We move next to Athey's contention that Harris committed fraud when it extended Schuster's line of credit only long enough to enable Harris to pay down the balance of its loan. Athey articulates the fraud scheme as Harris' having misrepresented Schuster's financial condition by keeping it alive and creating a false appearance of solvency. Athey alleges that it was in Harris' own interest to keep Schuster as a going concern so it could receive the proceeds from the sale of the sweepers. Athey contends that the only reasonable conclusion is that Harris knowingly extended the line of credit into June solely because the last payment had not been received for the sweepers.


In this instance, speculation, possibilities, and reasonable explanations for Harris' conduct do not satisfy Athey's burden of showing fraud by clear and convincing evidence. Harris offered evidence that it extended the line of credit to allow Schuster time to find alternative financing and that Schuster's president, Marc Olsen, requested the extension. It also offered unrebutted evidence that it permitted the loan balance to rise above the March figure, yet thereafter advanced Schuster money on not one but two occasions, the second coming immediately before terminating the loan in June. It is undisputed that Harris did not tell Schuster how it should spend the funds advanced. Nothing Harris did prevented Schuster from paying Athey. In fact, we have noted that between March and June, Schuster paid Athey over $119,000. Schuster could have paid Athey for the sweepers but it did not. Harris did not control where the advances would go, direct which creditors would be paid, or make other decisions for Schuster. In sum, continuing to advance funds against receivables, permitting the loan balance to increase, and not controlling, directing, or otherwise interfering with Schuster's use of the advances to pay Athey are all actions which fly directly in the face of Athey's contention that Harris masterminded a plan solely aimed at decreasing the balance of the loan at the expense of defrauding Athey.


Since the undisputed evidence would preclude a trier of fact from finding clear and convincing evidence that Harris extended credit to Schuster to maintain it temporarily as a going concern in order to reduce the outstanding balance of the loan at the cost of Athey not receiving payment for the sweepers ordered by Schuster, Harris was properly granted summary judgment on Athey's claim for fraud.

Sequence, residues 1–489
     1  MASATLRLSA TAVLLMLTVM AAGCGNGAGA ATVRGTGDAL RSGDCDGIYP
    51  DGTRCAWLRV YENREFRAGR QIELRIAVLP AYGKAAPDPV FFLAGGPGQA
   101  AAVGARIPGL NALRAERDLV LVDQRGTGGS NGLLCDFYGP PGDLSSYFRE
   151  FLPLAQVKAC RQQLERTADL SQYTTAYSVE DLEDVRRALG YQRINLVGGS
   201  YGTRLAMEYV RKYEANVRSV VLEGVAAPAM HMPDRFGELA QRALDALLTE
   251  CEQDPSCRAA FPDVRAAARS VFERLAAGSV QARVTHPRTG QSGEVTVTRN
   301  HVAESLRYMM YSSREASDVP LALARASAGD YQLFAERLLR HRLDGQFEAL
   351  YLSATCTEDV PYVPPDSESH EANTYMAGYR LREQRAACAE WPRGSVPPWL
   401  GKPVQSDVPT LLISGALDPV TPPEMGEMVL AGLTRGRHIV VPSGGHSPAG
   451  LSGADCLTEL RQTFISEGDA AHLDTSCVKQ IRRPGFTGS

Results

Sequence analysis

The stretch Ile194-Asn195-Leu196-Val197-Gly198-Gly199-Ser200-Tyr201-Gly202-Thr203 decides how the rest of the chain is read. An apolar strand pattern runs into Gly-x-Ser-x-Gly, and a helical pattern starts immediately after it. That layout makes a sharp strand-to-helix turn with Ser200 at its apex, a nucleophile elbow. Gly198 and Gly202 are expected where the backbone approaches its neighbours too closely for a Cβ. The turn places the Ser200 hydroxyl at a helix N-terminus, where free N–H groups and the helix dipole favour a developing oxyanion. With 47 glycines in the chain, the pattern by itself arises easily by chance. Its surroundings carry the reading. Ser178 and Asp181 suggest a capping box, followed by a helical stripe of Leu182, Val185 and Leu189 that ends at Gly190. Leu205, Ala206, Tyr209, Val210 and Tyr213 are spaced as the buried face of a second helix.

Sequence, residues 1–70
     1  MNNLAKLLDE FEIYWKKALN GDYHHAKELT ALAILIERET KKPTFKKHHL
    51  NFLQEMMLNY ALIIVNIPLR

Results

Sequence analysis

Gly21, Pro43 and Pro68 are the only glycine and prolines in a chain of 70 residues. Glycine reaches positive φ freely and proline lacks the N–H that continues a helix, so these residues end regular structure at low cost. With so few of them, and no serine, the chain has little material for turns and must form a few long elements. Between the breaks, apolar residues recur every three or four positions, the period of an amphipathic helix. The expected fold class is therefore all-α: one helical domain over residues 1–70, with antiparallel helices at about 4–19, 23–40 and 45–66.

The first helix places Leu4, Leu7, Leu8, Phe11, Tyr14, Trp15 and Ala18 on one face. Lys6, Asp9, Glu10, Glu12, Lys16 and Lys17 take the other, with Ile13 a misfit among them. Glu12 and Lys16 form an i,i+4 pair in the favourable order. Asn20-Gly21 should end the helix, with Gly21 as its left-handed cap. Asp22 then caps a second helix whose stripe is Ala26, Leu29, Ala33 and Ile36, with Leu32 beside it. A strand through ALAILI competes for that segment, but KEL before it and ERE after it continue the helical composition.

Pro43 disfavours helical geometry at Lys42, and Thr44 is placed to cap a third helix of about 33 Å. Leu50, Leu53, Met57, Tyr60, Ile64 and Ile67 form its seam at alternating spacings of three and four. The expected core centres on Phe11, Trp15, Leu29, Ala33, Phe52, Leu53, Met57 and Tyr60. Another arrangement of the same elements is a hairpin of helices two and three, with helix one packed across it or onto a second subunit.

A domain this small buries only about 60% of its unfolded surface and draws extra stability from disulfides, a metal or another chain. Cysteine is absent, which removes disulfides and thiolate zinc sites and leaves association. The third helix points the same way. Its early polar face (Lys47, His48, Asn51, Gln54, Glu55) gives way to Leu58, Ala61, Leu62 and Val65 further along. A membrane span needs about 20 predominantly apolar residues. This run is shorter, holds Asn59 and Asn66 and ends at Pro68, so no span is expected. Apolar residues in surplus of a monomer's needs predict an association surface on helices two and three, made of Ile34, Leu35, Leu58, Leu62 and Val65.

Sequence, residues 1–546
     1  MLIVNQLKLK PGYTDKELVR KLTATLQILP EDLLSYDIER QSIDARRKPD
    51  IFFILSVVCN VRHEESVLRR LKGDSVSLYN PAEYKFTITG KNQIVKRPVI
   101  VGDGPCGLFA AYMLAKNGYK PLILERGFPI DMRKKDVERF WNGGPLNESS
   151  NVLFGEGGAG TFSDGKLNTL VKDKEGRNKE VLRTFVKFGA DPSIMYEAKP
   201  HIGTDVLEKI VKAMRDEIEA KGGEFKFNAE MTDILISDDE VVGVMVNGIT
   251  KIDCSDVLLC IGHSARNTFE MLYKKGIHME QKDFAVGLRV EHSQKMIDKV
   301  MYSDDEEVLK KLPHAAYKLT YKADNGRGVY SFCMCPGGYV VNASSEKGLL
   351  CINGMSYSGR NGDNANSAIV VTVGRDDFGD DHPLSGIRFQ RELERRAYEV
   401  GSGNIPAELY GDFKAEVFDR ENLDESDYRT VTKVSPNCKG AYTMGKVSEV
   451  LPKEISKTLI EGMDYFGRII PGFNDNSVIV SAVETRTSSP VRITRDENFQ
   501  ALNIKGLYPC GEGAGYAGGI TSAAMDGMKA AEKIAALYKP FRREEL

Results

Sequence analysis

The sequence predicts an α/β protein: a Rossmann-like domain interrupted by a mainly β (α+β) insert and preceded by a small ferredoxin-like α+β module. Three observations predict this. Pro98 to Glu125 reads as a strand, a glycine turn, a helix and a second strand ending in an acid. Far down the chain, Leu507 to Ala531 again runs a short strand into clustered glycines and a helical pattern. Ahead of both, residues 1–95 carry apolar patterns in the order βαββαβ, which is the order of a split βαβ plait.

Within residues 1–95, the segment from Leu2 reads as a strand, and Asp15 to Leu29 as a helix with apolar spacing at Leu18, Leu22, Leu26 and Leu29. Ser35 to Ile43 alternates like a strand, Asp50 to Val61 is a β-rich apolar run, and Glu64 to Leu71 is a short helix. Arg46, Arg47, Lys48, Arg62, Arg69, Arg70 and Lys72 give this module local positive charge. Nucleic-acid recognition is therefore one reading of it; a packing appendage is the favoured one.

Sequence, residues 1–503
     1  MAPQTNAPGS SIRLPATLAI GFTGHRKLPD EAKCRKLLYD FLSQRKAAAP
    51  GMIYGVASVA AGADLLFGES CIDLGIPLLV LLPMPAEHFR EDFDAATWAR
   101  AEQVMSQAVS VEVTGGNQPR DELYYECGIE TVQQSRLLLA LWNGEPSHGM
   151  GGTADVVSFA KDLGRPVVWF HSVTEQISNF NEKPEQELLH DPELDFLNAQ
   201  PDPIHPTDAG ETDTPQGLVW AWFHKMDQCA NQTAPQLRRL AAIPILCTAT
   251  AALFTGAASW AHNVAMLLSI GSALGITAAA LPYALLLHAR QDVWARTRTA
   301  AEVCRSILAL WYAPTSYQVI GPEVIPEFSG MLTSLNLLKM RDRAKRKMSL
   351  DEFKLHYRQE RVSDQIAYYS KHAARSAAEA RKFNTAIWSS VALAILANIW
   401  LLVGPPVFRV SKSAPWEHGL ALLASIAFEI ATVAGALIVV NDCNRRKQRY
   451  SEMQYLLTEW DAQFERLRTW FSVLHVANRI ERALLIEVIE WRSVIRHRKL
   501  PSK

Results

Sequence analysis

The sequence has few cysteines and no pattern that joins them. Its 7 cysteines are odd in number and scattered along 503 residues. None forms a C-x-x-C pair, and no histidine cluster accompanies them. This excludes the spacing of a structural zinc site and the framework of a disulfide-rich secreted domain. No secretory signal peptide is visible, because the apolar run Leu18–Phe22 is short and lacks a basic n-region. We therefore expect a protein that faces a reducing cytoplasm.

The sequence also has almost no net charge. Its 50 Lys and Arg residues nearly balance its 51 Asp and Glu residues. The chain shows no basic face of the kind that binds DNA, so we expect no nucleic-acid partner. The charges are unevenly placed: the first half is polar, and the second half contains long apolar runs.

Besides misrepresentation, "[f]raud may also consist of the intentional omission or concealment of a material fact under circumstances creating an opportunity and duty to speak." Warner v. Lucas, 185 Ill.App.3d 351, 133 Ill.Dec. 494, 495, 541 N.E.2d 705, 706 (1989). Athey claims that Harris committed fraud by intentionally concealing or omitting material facts regarding Schuster's financial condition. Harris submits that neither a failure to warn Schuster's creditors of its financial condition nor a failure to terminate the loan constitutes an implied misrepresentation or actionable omission because a lender owes no duty to protect third parties from the credit risk of an insolvent borrower. We agree.


Specifically, we have held that making a loan to, and continuing to finance, an insolvent borrower is not a misrepresentation of the debtor's insolvency. In re EDC, Inc., 930 F.2d 1275, 1281 (7th Cir.1991). In that case unsecured creditors alleged that a secured creditor, International Harvester, deceived them and induced their extensions of credit by prolonging the debtor's existence through continued financing, which created the appearance of solvency. We rejected the creditors' theory of fraud, stating:


At bottom the plaintiffs appear to be arguing that merely by lending money to EDC, Harvester was creating the false impression that EDC was a viable entity.... [W]e have trouble seeing how lending money to a company can be bootstrapped into a misrepresentation. It would be like arguing that a bank becomes liable to the creditors of its borrower if the bank loan could be said to misrepresent the borrower's solvency--a theory of lender liability that would go even further than the one we rejected in Secon Service System, Inc. v. St. Joseph Bank & Trust Co., 855 F.2d 406, 419 (7th Cir.1988), where the bank was alleged to have "project[ed] a false impression that [its borrower] would remain solvent." A projection, prediction, or representation is one thing; a loan is quite another.


Id. at 1281. This case is no different. Merely lending money to Schuster, in accordance with its loan agreement, did not create a duty on the part of Harris to warn Athey or other creditors of the risk that Schuster was financially shaky. Nor is Harris' act of lending money to Schuster actionable as a misrepresentation of Schuster's solvency. To hold otherwise would turn the banking industry upside down. Every borrower who experiences financial hardship affecting its ability to pay down its loan would face potential disaster if its lender were discouraged from advancing further funds by a fear of the prospect of being found liable for a misrepresentation claim by the borrower's unsecured creditors. Athey does not attempt to distinguish this case from In re EDC because it cannot. In re EDC is controlling here, and for the same reasons advanced there, we reject Athey's claim that Harris misrepresented Schuster's financial condition and deceived Athey by lending money to Schuster and keeping it solvent.